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As Revenue Drops, NY Casinos Get Extra Hours

The state gaming commission issued a rule after legislation passed.

State regulators in New York have acted quickly to issue a new rule letting racetrack-based casinos operate an extra two hours a day.

As the state's track-based casinos continue to endure slumping revenue, the New York State Gaming Commission July 28 approved a proposed rule to permit the facilities to stay open until 6 a.m. The law, recently changed by the legislature and signed by Gov. Andrew Cuomo, had previously required the casinos to close at 4 a.m. each day.

The law still permits the nine racetrack gaming facilities with video lottery terminals and other electronic games to operate a maximum of 20 hours a day, but some operators believe they can generate additional revenue by letting gamblers stay until sunrise.

Though the law states the changes took effect immediately upon Cuomo's approval July 22, a spokesman for the NYSGC said tracks must apply to the agency 60 days before any changes to its hours of operations can be made. It is uncertain how many of the racinos will make the change, officials said.

The commission at its July 28 meeting also named Kevin Law, president of the Long Island Association, a business group, as chairman of a panel that will recommend which developers are awarded potentially lucrative gambling hall licenses later this fall. Law was recently named to the panel, and the commission, which will make the final decision with input from Cuomo's office, named him July 28 to be the chair of the five-member advisory group.

The panel has much work ahead. Besides going through tens of thousands of pages of recent casino applications, the commission announced the advisory group will hold two days of public meetings on the casino plans at the end of August, and then three regional meetings from Sept. 22-24.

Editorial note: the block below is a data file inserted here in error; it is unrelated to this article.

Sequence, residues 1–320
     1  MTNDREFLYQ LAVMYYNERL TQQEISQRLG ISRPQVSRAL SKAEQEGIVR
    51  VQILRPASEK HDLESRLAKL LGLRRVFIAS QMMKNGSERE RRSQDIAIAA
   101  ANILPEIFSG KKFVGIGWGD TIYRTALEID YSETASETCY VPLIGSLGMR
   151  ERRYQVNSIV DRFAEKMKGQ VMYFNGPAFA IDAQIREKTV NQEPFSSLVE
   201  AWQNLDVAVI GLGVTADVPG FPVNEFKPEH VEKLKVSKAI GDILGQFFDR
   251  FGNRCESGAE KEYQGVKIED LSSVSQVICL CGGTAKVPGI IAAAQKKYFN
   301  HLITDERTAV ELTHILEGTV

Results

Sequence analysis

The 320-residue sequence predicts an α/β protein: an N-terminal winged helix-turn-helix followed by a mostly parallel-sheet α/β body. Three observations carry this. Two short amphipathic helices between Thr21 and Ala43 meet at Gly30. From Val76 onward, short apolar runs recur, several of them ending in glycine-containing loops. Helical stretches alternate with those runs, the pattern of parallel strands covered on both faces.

Voters last year approved up to seven new commercial casinos. Enabling legislation with the constitutional amendment then calls for the initial four to be located in one of three regions: the greater Albany area, the Catskills/Mid-Hudson Valley, and a third area that stretches from Binghamton area to east of Rochester.

The bidding war is already intense, with applications from companies whose partners include Churchill Downs Inc., Penn National Gaming Inc., Caesars Entertainment, and Hard Rock Entertainment, as well as the operators of New York track-based casinos, including Genting, which operates VLTs at Aqueduct Racetrack. Bidding was closed June 30.

The release of the regulation to permit track-based casinos to remain open until 6 a.m. came as Gary Greenberg, a minority owner of Vernon Downs in central New York, noted July 28 that the state's VLT business continues to be hit by sour financial times. Greenberg said the state's nine racetrack gaming facilities have had nine months of slumping revenue, and that Genting's Resorts World just broke six weeks of straight declines with a modest gain in revenue.

He said the nine tracks for the week ending July 26 saw a net win of $35.9 million, down from $37 million a year ago. Greenberg noted that the Saratoga Casino and Raceway harness track casino experienced a rare decline in business when Saratoga Race Course opened; the harness track's net win for the week ending July 26 was $3.1 million, down from $3.3 million a year ago.